Col Bryan Bearden, USAF, is an instructor of National Security, Joint Warfare and Leadership and Ethics at the Marine Corps War College.
A subdued but respectful ceremony marked the end of combat operations in Iraq. A flag was rolled and encased, and speeches respectful of the fallen and hopeful for the future were made. Signs of friendship between the two countries were left in the hearts of both peoples and policies are in place to continue non-military support to a continually developing democracy in Iraq. A joyous America will see her military members return celebrating a job well done and remembering those who paid the ultimate price.
This is in stark contrast to the images scared into the American psyche of a helicopter rising from the roof of the embassy in Saigon in April of 1975, an event that most recognize as the end of a terrible chapter in America’s history.
The Vietnam experience still reflects one of the worse times in our history. The failed political policies that resulted in only marginal military successes during this time period are only rivaled in grandeur by the incense of the American public for the war. The nightly reports on a budding television news medium of the American dead, eventually summing over 58,000, brought the graphic images of war to the American public for the first time.
This American public, already gushing with disdain for an unpopular war was further galvanized by events such as the My Lai Massacre and the shooting of students at Kent State University. The resulting wave of anti-war protest reflecting the overall feeling of the country produced not only a backlash against the politicians involved and their failed policies, but also contempt for the very soldiers that were fighting and dying in the war.
As the military returned home, their limited tactical successes were dwarfed in the public eye by the view of the military as a failure, albeit due to numerous factors beyond its control. Thousands of military members with lifelong mental or physical scars were practically discarded by a disinterested public. There were no ceremonies, no parades, only a country ready to bury this memory and forget all things associated with Vietnam. A single helicopter flying away from an overrun embassy seemed to be a fitting end.
As the Iraq war comes to a close, so much is different about this ending than the ending of the Vietnam experience. Some may question the policies and politicians that brought us into the war, but by in large no one questions the way the military has performed its duties.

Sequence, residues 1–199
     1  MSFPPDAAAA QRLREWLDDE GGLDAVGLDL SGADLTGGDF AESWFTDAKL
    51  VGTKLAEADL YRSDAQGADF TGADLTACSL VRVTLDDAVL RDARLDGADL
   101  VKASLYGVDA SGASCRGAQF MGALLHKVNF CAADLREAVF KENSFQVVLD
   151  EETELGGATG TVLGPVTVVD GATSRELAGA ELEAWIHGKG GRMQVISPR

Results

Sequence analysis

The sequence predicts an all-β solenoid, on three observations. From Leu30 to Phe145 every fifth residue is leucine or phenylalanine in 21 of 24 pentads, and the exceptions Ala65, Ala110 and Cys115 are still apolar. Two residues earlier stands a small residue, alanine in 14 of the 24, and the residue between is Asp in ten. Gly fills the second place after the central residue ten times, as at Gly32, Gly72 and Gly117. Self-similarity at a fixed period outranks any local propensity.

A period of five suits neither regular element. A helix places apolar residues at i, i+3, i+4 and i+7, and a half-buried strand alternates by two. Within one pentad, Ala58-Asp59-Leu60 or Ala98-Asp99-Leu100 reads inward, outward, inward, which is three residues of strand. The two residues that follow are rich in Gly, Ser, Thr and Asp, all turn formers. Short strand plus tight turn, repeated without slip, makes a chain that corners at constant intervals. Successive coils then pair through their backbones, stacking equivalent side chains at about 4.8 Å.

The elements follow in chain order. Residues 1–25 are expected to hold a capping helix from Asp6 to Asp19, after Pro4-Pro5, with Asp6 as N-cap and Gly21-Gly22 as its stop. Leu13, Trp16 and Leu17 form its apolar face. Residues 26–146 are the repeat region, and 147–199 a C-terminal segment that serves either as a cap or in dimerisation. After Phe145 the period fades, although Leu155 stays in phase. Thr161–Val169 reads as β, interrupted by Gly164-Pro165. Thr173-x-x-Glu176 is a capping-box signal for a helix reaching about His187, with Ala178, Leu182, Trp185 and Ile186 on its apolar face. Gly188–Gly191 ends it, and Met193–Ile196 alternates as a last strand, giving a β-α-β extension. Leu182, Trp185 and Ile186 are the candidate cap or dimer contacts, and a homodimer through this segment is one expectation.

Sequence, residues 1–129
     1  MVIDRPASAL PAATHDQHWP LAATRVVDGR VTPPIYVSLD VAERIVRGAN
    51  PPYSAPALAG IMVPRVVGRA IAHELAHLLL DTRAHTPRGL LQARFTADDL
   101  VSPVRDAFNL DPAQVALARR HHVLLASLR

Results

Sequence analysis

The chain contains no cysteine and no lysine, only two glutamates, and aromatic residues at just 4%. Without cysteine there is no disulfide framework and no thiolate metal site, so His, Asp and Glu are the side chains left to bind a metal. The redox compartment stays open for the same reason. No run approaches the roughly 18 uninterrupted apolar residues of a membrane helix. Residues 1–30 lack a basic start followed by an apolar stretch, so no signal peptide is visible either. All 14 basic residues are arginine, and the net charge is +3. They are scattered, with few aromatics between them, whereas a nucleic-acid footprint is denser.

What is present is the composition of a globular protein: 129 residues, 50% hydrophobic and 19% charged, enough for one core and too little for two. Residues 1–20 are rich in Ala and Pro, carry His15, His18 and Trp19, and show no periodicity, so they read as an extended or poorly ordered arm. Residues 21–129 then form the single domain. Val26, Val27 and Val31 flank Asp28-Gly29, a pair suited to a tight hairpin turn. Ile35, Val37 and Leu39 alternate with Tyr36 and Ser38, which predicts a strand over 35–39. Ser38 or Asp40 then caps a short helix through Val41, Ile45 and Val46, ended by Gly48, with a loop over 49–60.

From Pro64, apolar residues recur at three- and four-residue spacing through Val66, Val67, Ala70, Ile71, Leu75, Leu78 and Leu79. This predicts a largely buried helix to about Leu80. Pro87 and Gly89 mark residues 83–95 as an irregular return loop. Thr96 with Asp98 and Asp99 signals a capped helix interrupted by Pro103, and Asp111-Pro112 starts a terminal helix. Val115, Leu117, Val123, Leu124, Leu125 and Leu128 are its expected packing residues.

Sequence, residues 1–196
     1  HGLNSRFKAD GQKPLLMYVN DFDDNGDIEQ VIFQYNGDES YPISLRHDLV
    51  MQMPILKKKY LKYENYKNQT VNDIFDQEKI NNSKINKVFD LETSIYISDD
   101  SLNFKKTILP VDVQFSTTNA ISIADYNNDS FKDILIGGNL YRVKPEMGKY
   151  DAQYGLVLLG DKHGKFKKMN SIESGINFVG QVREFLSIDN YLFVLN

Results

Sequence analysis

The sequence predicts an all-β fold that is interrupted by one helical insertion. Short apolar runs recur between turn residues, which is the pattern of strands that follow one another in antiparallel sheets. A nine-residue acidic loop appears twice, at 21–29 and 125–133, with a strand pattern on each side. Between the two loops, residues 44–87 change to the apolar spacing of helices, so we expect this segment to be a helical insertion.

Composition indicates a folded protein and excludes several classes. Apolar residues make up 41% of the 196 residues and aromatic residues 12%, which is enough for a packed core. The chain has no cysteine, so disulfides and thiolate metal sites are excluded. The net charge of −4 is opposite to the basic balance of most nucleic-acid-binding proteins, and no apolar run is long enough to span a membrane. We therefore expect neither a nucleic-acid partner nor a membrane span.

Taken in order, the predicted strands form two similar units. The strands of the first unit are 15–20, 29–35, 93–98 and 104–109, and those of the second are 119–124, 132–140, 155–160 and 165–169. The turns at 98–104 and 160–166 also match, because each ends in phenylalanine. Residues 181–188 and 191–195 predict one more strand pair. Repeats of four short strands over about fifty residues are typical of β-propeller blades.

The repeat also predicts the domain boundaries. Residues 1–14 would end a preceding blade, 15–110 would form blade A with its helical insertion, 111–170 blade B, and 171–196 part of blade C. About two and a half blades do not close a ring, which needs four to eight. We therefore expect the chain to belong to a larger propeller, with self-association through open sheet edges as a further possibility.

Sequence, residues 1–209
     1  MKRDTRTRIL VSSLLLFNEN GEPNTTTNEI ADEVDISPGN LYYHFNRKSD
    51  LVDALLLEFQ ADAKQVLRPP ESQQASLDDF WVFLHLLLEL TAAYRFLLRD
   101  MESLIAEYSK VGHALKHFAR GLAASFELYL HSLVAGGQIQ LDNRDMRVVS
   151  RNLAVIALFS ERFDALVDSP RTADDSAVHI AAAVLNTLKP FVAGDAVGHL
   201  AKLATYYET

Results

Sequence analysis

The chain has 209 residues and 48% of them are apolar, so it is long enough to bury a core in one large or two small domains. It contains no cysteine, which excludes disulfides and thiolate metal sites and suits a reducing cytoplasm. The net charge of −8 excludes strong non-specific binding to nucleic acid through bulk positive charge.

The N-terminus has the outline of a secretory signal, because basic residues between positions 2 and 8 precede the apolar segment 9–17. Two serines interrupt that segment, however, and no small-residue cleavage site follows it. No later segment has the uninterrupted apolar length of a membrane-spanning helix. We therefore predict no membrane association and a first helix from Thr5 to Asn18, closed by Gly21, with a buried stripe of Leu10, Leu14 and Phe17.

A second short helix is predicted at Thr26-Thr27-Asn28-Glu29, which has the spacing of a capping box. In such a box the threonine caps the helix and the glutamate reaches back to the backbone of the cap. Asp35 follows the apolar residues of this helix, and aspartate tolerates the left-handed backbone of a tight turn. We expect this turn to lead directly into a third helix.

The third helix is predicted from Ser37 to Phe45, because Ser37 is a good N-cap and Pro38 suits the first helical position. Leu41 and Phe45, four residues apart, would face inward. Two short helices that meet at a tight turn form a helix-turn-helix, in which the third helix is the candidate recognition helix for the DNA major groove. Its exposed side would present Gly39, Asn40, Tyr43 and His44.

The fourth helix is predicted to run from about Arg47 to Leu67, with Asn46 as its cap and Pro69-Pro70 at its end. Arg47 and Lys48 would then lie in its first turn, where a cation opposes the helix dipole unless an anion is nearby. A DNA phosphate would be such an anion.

This is not to say that the military has escaped this lengthy conflict unscathed by controversy. The events such as the prisoner abuse at Abu Ghraib, the killings in Haditha, friendly fire incidents and the recent controversy of the handling of the remains of the war dead all call into questions tactics used by military members, but never the overall conduct of the military during the conflict.
American public’s support has endured these controversies as well as other tough times throughout the war. It has endured a persistent conflict despite President Bush’s declaration of “mission accomplished,” an Iraqi insurgency that expanded our involvement, a 2007 call for a troop surge, continued reports of Improvised Explosive Devices killing U.S service members and the reports of the bloody conflicts in places like Fallujah and Anbar. All of these were challenging times for the military, yet support for the troops remained.
There were, however, events along the way that highlighted the courage of our service members and produced recognition by Americans of the contributions the military was making to a free Iraq. The capture of Saddam Hussein and the elimination of Abu Musab al-Zarqawi, the leader of al-Qaeda in Iraq, are just two examples of the courage and valor of our military displayed every day during this conflict. One of the most poignant moments celebrated by our country was when an Iraqi woman stood from her seat in the U.S. Capitol during a State of the Union speech proudly displaying an ink stained finger having just voted in an Iraqi election for the first time. A proud moment made possible by the sacrifices of our military.
As military members have returned home from Southwest Asia over the years (sometimes after 2, 3 or more deployments) they arrive to a different reception from the members that served in Vietnam. Rousing applause by Americans on airplanes and in airports, a reception that moves most military members to tears, replaced being spat upon, harassed and jeered in airports when military members returned from service in Vietnam. Overwhelming support for our wounded warriors, as exemplified by enormous contributions to programs like the Wounded Warrior Project, is common place versus the neglect experienced by the wounded returning from Vietnam.
There will be no national victory parade recognizing the end of the Iraq War, like the one seen after Operation Desert Storm. However, there will be celebrations across America, much as we’ve seen over the past 10 years, to recognizing military men and women for their sacrifices as they return home. A free and independent Iraq exists today because of the valor displayed by the U.S. military and our allies, another reason to celebrate as we welcome our troops home.
A simple ceremony and a grateful nation mark the end of the Iraq War. The goodbye to the Iraq War is different in so many ways from the goodbye we said to the Vietnam War so many years ago. For the veterans who endured the sacrifices during any war, thank you. For an American public who persevered the Iraq War – job well done.